Dead Now will be on tour with Red Fang and Big Business in September, which, frankly, is about the best place I can think of them to be, and you can stream the song “Ritchie Blackmourning” at the bottom of this post. Info follows courtesy of the PR wire:

dead now dead now

DEAD NOW: Announce Debut Album; Premiere First Single “Ritchie Blackmourning”

Self-Titled Debut coming Sept 7th via Brutal Panda Records

See them on tour with Red Fang and Big Business 9/7 – 9/28

Brutal Panda Records is proud to announce the signing of Atlanta, GA’s DEAD NOW. Consisting of current and former members of Torche, Riddle of Steel, Tilts and Day Old Man, DEAD NOW are a veritable power-trio who play dynamic, melodic heavy rock that is best enjoyed LOUD!

The group recently recorded their self-titled debut with Who Cares at None Of Your Business with album art designed by Orion Landau (Red Fang, YOB). The self-titled debut will see a September 7th release on LP/Digital formats via Brutal Panda just in time for their upcoming tour with Red Fang, Big Business and Monolord. Additionally, a record release show in Atlanta with noise rockers Metz has been announced. A complete listing of dates is available below.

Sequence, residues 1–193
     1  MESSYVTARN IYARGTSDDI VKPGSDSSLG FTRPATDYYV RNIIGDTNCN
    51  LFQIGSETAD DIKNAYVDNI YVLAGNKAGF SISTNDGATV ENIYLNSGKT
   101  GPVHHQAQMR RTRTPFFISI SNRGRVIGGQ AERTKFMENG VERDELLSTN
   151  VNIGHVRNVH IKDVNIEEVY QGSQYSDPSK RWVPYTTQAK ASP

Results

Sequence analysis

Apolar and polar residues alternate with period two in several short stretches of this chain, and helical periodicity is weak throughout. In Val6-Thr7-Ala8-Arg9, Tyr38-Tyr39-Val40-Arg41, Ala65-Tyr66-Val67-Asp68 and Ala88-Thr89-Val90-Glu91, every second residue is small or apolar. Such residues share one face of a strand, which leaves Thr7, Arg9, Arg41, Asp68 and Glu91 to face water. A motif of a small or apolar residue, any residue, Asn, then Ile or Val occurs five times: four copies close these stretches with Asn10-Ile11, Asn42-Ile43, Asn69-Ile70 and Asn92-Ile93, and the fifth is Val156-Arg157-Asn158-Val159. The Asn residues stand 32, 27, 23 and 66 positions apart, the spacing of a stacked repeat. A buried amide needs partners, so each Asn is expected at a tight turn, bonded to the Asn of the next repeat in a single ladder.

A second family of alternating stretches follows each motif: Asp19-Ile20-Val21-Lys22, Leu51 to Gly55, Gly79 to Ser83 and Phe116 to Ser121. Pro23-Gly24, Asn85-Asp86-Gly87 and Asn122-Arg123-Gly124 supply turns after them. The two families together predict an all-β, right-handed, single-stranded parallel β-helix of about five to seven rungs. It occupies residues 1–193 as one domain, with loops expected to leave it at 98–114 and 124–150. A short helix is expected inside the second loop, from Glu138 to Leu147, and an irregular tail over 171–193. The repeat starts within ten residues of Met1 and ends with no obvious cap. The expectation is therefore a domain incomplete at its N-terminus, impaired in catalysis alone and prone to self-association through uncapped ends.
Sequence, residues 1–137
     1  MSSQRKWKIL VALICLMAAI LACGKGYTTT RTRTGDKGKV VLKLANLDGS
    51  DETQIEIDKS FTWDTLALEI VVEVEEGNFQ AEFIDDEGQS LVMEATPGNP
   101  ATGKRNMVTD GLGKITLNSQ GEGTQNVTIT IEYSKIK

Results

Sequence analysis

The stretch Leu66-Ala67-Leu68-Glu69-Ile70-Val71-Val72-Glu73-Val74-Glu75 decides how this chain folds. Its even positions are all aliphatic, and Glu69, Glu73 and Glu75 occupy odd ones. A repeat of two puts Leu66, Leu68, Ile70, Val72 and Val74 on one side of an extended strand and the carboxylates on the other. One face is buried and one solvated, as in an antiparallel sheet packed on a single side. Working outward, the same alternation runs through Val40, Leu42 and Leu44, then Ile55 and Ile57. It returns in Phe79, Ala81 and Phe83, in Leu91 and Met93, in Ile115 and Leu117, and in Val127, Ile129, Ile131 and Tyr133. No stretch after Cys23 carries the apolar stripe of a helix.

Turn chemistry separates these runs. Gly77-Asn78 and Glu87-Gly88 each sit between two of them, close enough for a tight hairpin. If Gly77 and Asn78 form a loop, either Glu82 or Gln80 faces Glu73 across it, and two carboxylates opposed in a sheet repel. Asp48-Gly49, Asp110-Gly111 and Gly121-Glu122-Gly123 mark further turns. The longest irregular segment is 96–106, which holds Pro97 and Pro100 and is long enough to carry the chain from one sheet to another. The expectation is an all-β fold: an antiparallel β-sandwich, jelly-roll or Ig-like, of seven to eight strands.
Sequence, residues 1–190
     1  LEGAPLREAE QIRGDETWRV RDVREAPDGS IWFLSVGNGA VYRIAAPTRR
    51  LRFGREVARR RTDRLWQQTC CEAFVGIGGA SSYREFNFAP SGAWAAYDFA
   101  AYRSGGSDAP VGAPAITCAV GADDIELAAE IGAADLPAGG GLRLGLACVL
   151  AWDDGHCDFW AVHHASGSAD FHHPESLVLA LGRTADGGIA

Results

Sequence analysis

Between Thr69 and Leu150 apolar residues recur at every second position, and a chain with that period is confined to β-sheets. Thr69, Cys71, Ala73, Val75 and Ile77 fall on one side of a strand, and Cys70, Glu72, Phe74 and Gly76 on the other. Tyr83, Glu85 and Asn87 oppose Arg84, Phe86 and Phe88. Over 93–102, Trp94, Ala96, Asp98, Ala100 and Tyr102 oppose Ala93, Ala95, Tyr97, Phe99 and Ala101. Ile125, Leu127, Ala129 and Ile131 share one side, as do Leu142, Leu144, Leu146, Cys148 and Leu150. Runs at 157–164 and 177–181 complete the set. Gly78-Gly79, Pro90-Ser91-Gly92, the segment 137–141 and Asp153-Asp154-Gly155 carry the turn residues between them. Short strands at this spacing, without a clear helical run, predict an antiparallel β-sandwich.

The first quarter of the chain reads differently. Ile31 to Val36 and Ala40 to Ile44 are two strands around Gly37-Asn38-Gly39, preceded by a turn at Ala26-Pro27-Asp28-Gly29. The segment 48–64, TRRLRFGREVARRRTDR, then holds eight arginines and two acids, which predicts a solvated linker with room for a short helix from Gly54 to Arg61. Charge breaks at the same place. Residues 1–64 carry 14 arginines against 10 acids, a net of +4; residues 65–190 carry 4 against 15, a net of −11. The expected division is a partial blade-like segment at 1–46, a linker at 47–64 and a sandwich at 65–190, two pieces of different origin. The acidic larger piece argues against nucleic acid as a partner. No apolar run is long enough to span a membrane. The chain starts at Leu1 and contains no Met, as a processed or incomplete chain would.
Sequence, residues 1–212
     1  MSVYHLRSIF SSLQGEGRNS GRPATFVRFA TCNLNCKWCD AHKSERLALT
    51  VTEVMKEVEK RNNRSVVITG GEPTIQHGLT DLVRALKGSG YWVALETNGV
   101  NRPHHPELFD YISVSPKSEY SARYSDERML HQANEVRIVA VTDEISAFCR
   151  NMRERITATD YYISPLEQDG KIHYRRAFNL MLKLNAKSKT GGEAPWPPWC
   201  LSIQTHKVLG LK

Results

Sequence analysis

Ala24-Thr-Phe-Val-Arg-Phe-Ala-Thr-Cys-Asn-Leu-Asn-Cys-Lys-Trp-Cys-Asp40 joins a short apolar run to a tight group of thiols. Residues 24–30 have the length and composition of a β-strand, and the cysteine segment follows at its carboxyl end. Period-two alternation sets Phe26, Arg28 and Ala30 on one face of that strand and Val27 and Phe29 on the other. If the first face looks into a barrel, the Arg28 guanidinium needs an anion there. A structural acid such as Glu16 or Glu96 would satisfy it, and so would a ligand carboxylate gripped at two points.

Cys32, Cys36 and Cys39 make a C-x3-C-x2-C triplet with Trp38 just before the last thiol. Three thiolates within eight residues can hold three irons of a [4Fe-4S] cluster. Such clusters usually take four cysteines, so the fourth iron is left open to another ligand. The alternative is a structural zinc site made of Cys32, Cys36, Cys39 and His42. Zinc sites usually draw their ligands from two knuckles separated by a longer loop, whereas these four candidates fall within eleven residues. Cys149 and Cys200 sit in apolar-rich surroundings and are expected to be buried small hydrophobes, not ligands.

Physical pre-orders are available at this LOCATION with digital pre-orders at Bandcamp HERE. The song can be heard via all streaming outlets HERE.

DEAD NOW frontman Andrew Elstner commented on the signing and new material:

“Myself, Derek and Bobby couldn’t be more hyped for this. Killer label, amazing people and now we’re desperate to get the jams in front of some faces and just crush. Things came together so quickly, it feels like the Gods are pleased.”

Stay tuned for more info and music from DEAD NOW.

DEAD NOW TOUR DATES:
— All Dates Sep 11 – 28 w/ Red Fang & Big Business —
Sep 07 Raleigh, NC Hopscotch Music Hall *
Sep 08 Richmond, VA Capital Ale House *
Sep 09 Washington, DC Rock & Roll Hotel
Sep 11 Pittsburgh, PA Spirit Hall
Sep 12 Columbus, OH A&R Music Bar
Sep 13 St. Louis, MO Firebird
Sep 14 Omaha, NE The Waiting Room
Sep 15 St. Paul, MN Turf Club +
Sep 16 Madison, WI High Noon Saloon
Sep 18 Harrisburg, PA Stage on Herr @ HMAC
Sep 19 Brooklyn, NY Music Hall of Williamsburg
Sep 20 Hamden, CT Space Ballroom
Sep 21 Boston, MA The Sinclair
Sep 22 Philadelphia, PA Underground Arts
Sep 24 Cleveland, OH Beachland Ballroom
Sep 25 Grand Rapids, MI Pyramid Scheme
Sep 26 Detroit, MI El Club
Sep 27 Chicago, IL Empty Bottle
Sep 28 Indianapolis, IN The Hi-Fi
Sep 30 Atlanta, GA 529^

* w/ Monolord, No Big Business
+ w/ Cro-Mags, Dillinger Four, Blind Approach; No Big Business & Dead Now
^w/ Metz

DEAD NOW IS:
Bobby Theberge – Drums (Day Old Man)
Derek Schulz – Bass (Day Old Man)
Andrew Elstner – Vocals / Guitar (Ex-Torche, Tilts, Riddle of Steel)

Dead Now Tracklist:
1. Brunette
2. Ritchie Blackmourning
3. Bird Leaf
4. Powershapes
5. Motorekt

http://www.facebook.com/deadnowband
http://www.instagram.com/dead_now_band
http://www.deadnow.bandcamp.com/
https://www.facebook.com/BrutalPandaRecords/
https://brutalpandarecords.bandcamp.com/
https://www.brutalpandarecords.com/products/dead-now-dead-now

Dead Now, Dead Now (2018)